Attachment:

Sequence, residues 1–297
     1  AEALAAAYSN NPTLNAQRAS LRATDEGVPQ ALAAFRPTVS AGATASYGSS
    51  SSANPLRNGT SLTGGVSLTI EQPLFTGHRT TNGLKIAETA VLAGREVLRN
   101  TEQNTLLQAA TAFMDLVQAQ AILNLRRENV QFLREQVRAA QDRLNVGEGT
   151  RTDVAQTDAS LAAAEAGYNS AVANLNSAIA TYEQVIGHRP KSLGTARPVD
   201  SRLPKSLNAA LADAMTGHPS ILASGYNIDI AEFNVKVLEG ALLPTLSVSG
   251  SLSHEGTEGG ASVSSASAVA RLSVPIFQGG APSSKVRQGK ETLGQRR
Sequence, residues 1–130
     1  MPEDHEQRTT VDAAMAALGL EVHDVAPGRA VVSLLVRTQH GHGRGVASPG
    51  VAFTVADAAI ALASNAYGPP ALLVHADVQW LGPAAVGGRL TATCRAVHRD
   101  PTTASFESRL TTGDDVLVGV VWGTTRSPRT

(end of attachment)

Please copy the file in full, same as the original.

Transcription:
Sequence, residues 1–297
     1  AEALAAAYSN NPTLNAQRAS LRATDEGVPQ ALAAFRPTVS AGATASYGSS
    51  SSANPLRNGT SLTGGVSLTI EQPLFTGHRT TNGLKIAETA VLAGREVLRN
   101  TEQNTLLQAA TAFMDLVQAQ AILNLRRENV QFLREQVRAA QDRLNVGEGT
   151  RTDVAQTDAS LAAAEAGYNS AVANLNSAIA TYEQVIGHRP KSLGTARPVD
   201  SRLPKSLNAA LADAMTGHPS ILASGYNIDI AEFNVKVLEG ALLPTLSVSG
   251  SLSHEGTEGG ASVSSASAVA RLSVPIFQGG APSSKVRQGK ETLGQRR
Sequence, residues 1–130
     1  MPEDHEQRTT VDAAMAALGL EVHDVAPGRA VVSLLVRTQH GHGRGVASPG
    51  VAFTVADAAI ALASNAYGPP ALLVHADVQW LGPAAVGGRL TATCRAVHRD
   101  PTTASFESRL TTGDDVLVGV VWGTTRSPRT